Ever look in the mirror and groan, bewildered as to how your face can be, at the same time, grey and pallid yet red and blotchy? Most of us have lifestyles that play havoc with our complexion. Stress, working in air-conditioned offices, exacerbated by the odd couple of weeks of harsh attack from sun and sea all takes its toll. Yet, there is hope. Eve Lom OBE, founder of Eve Lom Skincare, is one of the Britain’s most successful businesswomen in the beauty industry, whose reputation is such that she has a four-month waiting list for appointments and counts many a top model, actress and celebrity amongst her clientele, has the answer.
We live in polluted atmospheres, work in germ-laden offices and get through the day on a hastily snatched sandwich and eight cups of coffee. Throw in too much alcohol and not enough sleep and it’s no wonder our skin looks less than lustrous.The doyenne of beauty therapists has an unusual, but convincing approach to skincare and beauty treatments, which goes far beyond the superficiality of a lick of moisturiser and the odd face-pack. Lom, whose own skin is more than convincing propaganda for her philosophy, might seem to be doing herself out of a job when she tells us that we all make too much fuss about our skin.
“Your skin is an external reflection of what’s going on inside. It is affected more by your lifestyle – what you eat and drink, stress and your posture than by what you put on the outside.”
Lom recommends simplicity as far as skincare is concerned and in accordance with this her eponymous line of skincare consists of just seven, natural-ingredient products including a miraculous, one-step cleanser that removes make-up, exfoliates and unblocks pores in one fell swoop. Even the most hardened disco diva should be able to manage so simple a cleansing routine before falling into bed, but if not Lom’s range includes a superb, natural spot treatment that sends pimples shrinking back into angry pores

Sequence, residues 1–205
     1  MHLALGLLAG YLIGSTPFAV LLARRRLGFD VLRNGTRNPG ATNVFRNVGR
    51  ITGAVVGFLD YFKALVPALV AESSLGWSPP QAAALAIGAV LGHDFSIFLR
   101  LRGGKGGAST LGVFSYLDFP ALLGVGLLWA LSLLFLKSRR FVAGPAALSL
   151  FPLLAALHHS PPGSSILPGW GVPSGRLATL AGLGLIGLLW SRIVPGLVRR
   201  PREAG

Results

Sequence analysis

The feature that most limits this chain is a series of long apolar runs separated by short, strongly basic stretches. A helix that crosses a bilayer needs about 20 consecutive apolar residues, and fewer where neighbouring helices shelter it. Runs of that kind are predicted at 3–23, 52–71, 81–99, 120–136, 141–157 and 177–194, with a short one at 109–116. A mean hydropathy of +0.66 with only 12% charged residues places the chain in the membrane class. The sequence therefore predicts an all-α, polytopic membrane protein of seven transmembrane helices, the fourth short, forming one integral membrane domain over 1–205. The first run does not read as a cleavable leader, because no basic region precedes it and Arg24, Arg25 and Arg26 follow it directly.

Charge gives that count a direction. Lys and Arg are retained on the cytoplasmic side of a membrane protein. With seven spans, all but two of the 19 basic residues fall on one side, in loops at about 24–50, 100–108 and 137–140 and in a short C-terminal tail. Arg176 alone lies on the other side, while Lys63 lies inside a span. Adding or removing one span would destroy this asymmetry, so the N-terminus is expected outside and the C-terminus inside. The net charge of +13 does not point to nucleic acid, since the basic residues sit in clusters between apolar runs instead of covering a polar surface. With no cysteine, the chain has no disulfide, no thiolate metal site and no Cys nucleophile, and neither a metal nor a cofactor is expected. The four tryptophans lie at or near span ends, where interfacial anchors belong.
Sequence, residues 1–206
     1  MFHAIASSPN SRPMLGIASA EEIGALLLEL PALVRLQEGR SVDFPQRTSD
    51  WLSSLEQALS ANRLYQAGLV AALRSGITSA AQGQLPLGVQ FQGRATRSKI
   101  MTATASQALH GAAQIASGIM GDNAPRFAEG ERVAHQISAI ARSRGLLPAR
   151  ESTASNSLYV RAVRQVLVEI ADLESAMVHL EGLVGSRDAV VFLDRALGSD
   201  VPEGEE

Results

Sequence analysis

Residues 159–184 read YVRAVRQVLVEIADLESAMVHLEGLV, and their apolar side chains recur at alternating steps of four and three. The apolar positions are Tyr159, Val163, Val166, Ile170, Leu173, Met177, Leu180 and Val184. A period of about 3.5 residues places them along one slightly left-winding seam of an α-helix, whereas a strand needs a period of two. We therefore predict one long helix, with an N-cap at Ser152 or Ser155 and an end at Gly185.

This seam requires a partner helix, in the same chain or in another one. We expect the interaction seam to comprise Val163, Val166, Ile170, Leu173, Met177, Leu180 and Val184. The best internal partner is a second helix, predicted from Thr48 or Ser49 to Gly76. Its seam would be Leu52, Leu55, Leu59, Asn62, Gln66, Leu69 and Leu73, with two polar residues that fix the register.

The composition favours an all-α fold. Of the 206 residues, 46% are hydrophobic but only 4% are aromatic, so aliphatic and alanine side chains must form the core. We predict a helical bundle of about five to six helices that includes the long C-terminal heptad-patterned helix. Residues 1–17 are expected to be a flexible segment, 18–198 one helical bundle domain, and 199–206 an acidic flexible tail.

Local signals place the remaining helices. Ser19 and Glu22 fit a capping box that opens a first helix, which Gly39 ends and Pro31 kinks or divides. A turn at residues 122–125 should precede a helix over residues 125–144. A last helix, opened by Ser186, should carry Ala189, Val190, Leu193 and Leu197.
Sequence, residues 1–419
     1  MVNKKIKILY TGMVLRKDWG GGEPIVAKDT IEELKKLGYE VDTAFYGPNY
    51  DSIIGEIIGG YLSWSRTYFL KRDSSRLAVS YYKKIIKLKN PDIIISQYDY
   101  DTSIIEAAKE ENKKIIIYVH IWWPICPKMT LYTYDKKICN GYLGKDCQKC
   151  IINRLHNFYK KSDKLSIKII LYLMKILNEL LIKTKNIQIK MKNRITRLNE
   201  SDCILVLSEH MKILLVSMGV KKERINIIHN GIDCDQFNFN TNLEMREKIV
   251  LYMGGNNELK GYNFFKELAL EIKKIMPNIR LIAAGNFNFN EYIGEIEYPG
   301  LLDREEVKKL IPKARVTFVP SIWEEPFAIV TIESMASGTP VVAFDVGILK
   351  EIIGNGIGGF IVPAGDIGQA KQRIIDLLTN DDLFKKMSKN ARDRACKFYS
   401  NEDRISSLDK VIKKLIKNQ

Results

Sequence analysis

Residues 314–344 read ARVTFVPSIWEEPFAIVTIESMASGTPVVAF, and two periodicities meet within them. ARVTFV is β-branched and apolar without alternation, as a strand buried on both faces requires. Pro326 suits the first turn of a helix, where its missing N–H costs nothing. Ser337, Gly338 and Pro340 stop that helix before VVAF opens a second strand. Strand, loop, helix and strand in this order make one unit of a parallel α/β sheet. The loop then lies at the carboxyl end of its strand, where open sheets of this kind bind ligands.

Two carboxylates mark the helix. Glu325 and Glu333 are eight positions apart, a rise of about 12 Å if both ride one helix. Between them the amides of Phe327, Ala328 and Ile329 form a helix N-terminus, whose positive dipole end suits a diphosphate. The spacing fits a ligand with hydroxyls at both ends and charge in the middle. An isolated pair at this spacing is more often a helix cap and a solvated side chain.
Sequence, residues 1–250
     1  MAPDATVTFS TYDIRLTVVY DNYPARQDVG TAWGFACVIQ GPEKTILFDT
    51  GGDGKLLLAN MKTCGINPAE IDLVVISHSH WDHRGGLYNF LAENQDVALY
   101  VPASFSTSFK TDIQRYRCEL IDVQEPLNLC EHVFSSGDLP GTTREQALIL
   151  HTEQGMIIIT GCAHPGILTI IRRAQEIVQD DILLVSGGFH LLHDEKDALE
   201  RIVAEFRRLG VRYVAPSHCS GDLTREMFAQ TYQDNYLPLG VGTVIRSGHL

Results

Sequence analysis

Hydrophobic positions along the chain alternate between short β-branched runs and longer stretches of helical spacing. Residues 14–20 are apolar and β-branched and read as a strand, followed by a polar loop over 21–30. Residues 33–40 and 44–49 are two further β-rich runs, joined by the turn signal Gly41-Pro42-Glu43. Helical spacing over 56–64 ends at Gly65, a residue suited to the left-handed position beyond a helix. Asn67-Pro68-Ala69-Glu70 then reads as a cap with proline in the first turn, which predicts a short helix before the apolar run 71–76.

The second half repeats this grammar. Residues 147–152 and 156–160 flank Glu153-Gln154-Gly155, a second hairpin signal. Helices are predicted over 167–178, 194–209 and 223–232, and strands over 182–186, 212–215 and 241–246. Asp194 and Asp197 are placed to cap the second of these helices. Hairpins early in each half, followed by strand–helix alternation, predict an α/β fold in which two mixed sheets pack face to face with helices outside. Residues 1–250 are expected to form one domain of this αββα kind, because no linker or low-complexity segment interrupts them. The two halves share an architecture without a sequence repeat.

Lom’s no-nonsense approach – Lom is of Czechoslovakian origin and there is a certain Eastern European practicality about her, also includes cutting out the buckets of moisturiser we believe will feed our skin and prevent wrinkles. Over-moisturising is the biggest crime you can commit against your complexion, warns Lom.
“It clogs pores and causes spots. You should never put moisturiser on your forehead, nose or chin, unless your skin is exceptionally dry.” Although this dictum somewhat flies in the face of common belief, it could be worth a try. It makes sense, if you acknowledge that spots are caused by clogged pores, not to clog them further.
The most interesting part of Lom’s philosophy, however is the idea that good skin comes from what you put inside not what you slap on the outside. “Skin is fed from within” she claims. The way you eat, breathe, deal with stress and even sit at your computer all affect your general health, including the state of your skin, the body’s largest organ.
When I walked in to her clinic for her consultation she immediately commanded “shoulders back!” And as far as sitting at my laptop for long hours, something we all know puts tremendous stress on our bodies, Lom advises: “Sit with your legs apart, never crossed.” Inelegant as it seems, she’s right. If you plant your feet just over hip width apart, knees at right-angles to the floor, you immediately force your shoulders back and fill your lungs.
And the facial is more than just a quick clay mask. A detailed history is taken, questions about diet and lifestyle are documented and Lom includes cranial osteopathy, (an energy-releasing ‘hands on body’ treatment) as part of the facial. Interestingly Lom dismisses the history somewhat claiming that ‘I can tell all I need to know by feeling the body’. And it certainly seems to work. When I left the treatment rooms I felt as if I was walking on
air, fortunately Lom had warned me to be careful about wandering in front of rogue taxis.
I have always been a great believer in a natural and holistic approach to health, so I need little convincing that my skin reflects my state of mind. I get a whole series of tiny red bumps on my forehead when I’m over-worked and it didn’t surprise me to find out that spots on your forehead mean stress.
The best thing about Lom is that she acknowledges that we don’t live in a bubble, nor should we want to. She told me a charming story about having spent time in a retreat, meditating and eating a vegetarian diet. When she returned to London she felt lacklustre and her friends commented on how low her energy levels were. Shortly afterwards, on her first date with her husband, Lom’s good intentions to eat fish flew out of the window as he ordered steak and she couldn’t resist joining him. Definitely a woman after my own heart – bring on the steak, I can feel my spots clearing up already!
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